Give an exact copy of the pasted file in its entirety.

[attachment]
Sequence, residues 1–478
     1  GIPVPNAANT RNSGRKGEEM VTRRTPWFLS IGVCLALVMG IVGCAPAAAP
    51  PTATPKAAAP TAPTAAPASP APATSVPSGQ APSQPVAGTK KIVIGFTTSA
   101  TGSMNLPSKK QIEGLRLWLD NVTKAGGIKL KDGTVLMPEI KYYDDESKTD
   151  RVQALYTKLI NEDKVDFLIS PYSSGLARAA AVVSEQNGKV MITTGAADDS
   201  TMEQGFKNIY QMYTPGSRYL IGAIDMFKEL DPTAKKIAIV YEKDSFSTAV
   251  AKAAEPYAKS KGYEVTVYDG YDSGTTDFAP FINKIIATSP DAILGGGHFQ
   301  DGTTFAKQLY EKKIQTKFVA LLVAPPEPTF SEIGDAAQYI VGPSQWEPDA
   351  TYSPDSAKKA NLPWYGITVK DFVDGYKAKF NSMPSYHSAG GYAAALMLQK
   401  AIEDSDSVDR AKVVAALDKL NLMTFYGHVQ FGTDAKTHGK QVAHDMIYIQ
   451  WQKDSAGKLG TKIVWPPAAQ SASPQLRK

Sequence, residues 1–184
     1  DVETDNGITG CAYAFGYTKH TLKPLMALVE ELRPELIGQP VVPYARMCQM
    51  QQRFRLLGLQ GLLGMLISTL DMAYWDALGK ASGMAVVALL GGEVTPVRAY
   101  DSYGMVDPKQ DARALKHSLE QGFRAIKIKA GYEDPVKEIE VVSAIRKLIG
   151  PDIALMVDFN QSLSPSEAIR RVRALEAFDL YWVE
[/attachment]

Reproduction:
Sequence, residues 1–478
     1  GIPVPNAANT RNSGRKGEEM VTRRTPWFLS IGVCLALVMG IVGCAPAAAP
    51  PTATPKAAAP TAPTAAPASP APATSVPSGQ APSQPVAGTK KIVIGFTTSA
   101  TGSMNLPSKK QIEGLRLWLD NVTKAGGIKL KDGTVLMPEI KYYDDESKTD
   151  RVQALYTKLI NEDKVDFLIS PYSSGLARAA AVVSEQNGKV MITTGAADDS
   201  TMEQGFKNIY QMYTPGSRYL IGAIDMFKEL DPTAKKIAIV YEKDSFSTAV
   251  AKAAEPYAKS KGYEVTVYDG YDSGTTDFAP FINKIIATSP DAILGGGHFQ
   301  DGTTFAKQLY EKKIQTKFVA LLVAPPEPTF SEIGDAAQYI VGPSQWEPDA
   351  TYSPDSAKKA NLPWYGITVK DFVDGYKAKF NSMPSYHSAG GYAAALMLQK
   401  AIEDSDSVDR AKVVAALDKL NLMTFYGHVQ FGTDAKTHGK QVAHDMIYIQ
   451  WQKDSAGKLG TKIVWPPAAQ SASPQLRK

Sequence, residues 1–184
     1  DVETDNGITG CAYAFGYTKH TLKPLMALVE ELRPELIGQP VVPYARMCQM
    51  QQRFRLLGLQ GLLGMLISTL DMAYWDALGK ASGMAVVALL GGEVTPVRAY
   101  DSYGMVDPKQ DARALKHSLE QGFRAIKIKA GYEDPVKEIE VVSAIRKLIG
   151  PDIALMVDFN QSLSPSEAIR RVRALEAFDL YWVE